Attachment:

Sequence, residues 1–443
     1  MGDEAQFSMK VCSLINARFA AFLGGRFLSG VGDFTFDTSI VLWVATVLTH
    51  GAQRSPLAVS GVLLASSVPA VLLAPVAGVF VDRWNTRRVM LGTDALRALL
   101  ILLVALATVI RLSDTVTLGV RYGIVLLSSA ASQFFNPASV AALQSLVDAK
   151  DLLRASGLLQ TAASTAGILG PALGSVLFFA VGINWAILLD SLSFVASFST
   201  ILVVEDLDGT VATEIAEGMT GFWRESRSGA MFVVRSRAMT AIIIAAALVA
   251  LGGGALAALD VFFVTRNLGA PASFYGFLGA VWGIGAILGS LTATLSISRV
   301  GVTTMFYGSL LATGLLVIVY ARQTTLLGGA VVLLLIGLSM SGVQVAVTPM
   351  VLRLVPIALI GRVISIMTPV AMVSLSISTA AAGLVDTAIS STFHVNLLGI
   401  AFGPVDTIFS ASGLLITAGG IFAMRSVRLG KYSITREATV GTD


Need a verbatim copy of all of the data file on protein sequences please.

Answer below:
Sequence, residues 1–443
     1  MGDEAQFSMK VCSLINARFA AFLGGRFLSG VGDFTFDTSI VLWVATVLTH
    51  GAQRSPLAVS GVLLASSVPA VLLAPVAGVF VDRWNTRRVM LGTDALRALL
   101  ILLVALATVI RLSDTVTLGV RYGIVLLSSA ASQFFNPASV AALQSLVDAK
   151  DLLRASGLLQ TAASTAGILG PALGSVLFFA VGINWAILLD SLSFVASFST
   201  ILVVEDLDGT VATEIAEGMT GFWRESRSGA MFVVRSRAMT AIIIAAALVA
   251  LGGGALAALD VFFVTRNLGA PASFYGFLGA VWGIGAILGS LTATLSISRV
   301  GVTTMFYGSL LATGLLVIVY ARQTTLLGGA VVLLLIGLSM SGVQVAVTPM
   351  VLRLVPIALI GRVISIMTPV AMVSLSISTA AAGLVDTAIS STFHVNLLGI
   401  AFGPVDTIFS ASGLLITAGG IFAMRSVRLG KYSITREATV GTD